Electronic whiteboards remain surprisingly difficult to use in the context of creativity support and design.
A key problem is that once a designer places strokes and reference images on a canvas, actually doing anything useful with key parts of that content involves numerous steps.
Hence, with digital ink, scope—that is, selection of content—is a central concern, yet current approaches often require encircling ink with a lengthy lasso, if not switching modes via round-trips to the far-off edges of the display.
Only then can the user take action, such as to copy, refine, or re-interpret their informal work-in-progress.
Such is the stilted nature of selection and action in the digital world.
But it need not be so.
By contrast, consider an everyday manual task such as sandpapering a piece of woodwork to hew off its rough edges. Here, we use our hands to grasp and bring to the fore—that is, select—the portion of the work-object—the wood—that we want to refine.
And because we are working with a tool—the sandpaper—the hand employed for this ‘selection’ sub-task is typically the non-preferred one, which skillfully manipulates the frame-of-reference for the subsequent ‘action’ of sanding, a complementary sub-task articulated by the preferred hand.
Therefore, in contrast to the disjoint subtasks foisted on us by most interactions with computers, the above example shows how complementary manual activities lend a sense of flow that “chunks” selection and action into a continuous selection-action phrase. By manipulating the workspace, the off-hand shifts the context of the actions to be applied, while the preferred hand brings different tools to bear—such as sandpaper, file, or chisel—as necessary.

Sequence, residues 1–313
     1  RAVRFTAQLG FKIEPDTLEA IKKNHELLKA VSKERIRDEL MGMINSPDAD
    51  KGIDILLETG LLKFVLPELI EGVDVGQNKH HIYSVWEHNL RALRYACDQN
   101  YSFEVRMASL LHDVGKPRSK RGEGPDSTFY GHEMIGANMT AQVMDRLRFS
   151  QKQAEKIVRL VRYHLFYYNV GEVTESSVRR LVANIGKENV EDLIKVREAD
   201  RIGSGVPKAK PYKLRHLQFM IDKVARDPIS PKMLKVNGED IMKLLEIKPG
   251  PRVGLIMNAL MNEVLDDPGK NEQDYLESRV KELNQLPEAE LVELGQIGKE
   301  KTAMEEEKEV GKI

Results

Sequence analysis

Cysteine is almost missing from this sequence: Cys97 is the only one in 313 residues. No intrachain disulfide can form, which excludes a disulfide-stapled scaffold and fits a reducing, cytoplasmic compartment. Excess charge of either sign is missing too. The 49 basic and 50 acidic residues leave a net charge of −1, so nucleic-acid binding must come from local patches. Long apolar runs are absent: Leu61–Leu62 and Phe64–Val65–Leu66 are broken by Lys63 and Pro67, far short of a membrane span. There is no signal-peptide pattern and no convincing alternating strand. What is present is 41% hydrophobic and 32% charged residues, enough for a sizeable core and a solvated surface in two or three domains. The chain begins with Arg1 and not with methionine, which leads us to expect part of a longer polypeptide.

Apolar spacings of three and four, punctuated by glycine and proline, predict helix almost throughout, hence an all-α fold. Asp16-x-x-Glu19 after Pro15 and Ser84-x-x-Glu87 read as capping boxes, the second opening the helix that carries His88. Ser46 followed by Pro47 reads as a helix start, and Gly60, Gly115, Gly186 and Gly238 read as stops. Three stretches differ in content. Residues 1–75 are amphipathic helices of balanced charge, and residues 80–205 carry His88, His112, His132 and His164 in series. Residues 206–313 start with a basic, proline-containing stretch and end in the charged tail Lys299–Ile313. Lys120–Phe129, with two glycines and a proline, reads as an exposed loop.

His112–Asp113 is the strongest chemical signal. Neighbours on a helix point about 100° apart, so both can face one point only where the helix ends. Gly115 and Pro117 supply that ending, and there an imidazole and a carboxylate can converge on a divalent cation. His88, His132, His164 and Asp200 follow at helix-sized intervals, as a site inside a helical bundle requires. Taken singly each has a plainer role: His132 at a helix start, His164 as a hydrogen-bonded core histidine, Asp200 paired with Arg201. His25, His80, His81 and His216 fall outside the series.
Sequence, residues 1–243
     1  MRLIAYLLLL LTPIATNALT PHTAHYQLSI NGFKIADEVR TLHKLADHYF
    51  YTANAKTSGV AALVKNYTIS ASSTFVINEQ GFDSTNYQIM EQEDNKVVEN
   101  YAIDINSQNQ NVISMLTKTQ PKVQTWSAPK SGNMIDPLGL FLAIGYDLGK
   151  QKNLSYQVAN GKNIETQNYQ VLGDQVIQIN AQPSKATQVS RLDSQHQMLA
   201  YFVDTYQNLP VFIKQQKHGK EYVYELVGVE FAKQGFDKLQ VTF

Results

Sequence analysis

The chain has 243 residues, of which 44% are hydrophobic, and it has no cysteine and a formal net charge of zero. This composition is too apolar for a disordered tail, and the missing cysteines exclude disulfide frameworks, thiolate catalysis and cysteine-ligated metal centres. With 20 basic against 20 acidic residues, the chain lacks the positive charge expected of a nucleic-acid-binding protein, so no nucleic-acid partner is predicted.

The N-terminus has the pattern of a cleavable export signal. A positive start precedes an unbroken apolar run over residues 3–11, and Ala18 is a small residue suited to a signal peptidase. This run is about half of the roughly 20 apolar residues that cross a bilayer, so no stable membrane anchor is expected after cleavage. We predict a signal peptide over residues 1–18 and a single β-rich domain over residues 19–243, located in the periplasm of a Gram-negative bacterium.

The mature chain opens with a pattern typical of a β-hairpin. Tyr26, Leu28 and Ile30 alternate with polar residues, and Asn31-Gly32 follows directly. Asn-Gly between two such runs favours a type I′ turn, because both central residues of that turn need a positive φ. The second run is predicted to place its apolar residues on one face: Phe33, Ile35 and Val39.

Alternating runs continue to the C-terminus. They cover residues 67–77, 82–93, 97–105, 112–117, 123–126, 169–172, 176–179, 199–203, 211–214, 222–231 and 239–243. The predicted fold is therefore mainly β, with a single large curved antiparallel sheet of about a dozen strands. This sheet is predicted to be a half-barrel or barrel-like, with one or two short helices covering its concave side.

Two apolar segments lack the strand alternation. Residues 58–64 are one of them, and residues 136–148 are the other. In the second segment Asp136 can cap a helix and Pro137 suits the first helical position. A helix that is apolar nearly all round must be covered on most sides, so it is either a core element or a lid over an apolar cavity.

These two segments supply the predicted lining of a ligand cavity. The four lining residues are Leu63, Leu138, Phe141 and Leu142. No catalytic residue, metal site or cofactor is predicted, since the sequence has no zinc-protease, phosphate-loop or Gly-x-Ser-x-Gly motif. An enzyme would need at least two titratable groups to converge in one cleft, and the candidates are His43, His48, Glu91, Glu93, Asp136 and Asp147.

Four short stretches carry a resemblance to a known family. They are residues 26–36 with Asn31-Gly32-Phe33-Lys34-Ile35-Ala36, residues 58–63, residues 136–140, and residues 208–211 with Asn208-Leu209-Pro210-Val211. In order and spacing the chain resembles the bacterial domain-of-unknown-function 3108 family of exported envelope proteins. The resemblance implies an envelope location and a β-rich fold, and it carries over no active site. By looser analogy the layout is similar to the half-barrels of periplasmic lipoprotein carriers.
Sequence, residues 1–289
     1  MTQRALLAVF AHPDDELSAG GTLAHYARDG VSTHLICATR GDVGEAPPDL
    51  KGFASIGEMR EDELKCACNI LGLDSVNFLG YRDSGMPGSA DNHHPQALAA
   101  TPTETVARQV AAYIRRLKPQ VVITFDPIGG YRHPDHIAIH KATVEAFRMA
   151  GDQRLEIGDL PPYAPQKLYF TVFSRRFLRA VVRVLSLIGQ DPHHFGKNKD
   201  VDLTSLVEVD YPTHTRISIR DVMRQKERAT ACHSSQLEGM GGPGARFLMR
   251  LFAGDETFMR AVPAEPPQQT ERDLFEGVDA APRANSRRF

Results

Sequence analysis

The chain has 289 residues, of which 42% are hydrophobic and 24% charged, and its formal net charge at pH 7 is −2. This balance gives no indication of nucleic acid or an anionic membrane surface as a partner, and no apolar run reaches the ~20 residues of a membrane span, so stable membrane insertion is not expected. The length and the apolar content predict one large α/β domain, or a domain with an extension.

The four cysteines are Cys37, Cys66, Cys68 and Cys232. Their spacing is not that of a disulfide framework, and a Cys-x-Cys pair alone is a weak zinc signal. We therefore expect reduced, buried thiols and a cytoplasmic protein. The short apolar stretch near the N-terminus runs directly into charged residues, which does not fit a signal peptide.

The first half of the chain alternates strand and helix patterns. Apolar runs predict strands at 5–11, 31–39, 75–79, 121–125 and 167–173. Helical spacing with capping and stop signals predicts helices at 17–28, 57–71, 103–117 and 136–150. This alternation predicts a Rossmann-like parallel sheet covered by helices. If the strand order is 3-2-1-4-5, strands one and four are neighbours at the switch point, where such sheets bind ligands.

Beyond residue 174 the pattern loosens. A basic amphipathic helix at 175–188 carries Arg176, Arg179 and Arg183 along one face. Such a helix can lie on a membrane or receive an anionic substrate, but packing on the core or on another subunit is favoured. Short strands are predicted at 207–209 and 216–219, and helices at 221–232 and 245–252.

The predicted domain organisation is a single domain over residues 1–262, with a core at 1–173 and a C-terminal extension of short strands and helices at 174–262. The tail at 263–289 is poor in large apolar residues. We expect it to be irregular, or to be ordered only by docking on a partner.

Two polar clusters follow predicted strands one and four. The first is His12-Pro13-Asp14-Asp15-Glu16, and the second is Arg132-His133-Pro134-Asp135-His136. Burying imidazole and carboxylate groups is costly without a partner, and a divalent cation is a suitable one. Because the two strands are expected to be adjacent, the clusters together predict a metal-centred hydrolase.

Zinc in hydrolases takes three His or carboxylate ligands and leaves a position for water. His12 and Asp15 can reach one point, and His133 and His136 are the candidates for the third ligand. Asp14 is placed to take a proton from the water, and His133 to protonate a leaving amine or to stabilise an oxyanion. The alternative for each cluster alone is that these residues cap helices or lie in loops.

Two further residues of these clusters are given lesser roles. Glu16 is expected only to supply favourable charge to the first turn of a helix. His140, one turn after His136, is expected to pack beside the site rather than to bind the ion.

The main goal of the WritLarge project, then, is to demonstrate similar continuity of action for electronic whiteboards. This motivated free-flowing, close-at-hand techniques to afford unification of selection and action via bimanual pen+touch interaction.
Accordingly, we designed WritLarge so that user can simply gesture as follows:
With the thumb and forefinger of the non-preferred hand, just frame a portion of the canvas.
And, unlike many other approaches to “handwriting recognition,” this approach to selecting key portions of an electronic whiteboard leaves the user in complete control of what gets recognized—as well as when recognition occurs—so as not to break the flow of creative work.
Indeed, building on this foundation, we designed ways to shift between flexible representations of freeform content by simply moving the pen along semantic, structural, and temporal axes of movement.
See our demo reel below for some jaw-dropping demonstrations of the possibilities for digital ink opened up by this approach.
Haijun Xia, Ken Hinckley, Michel Pahud, Xioa Tu, and Bill Buxton. 2017. WritLarge: Ink Unleashed by Unified Scope, Action, and Zoom. In Proceedings of the 2017 CHI Conference on Human Factors in Computing Systems (CHI’17). ACM, New York, NY, USA, pp. 3227-3240. Denver, Colorado, United States, May 6-11, 2017. Honorable Mention Award (top 5% of papers).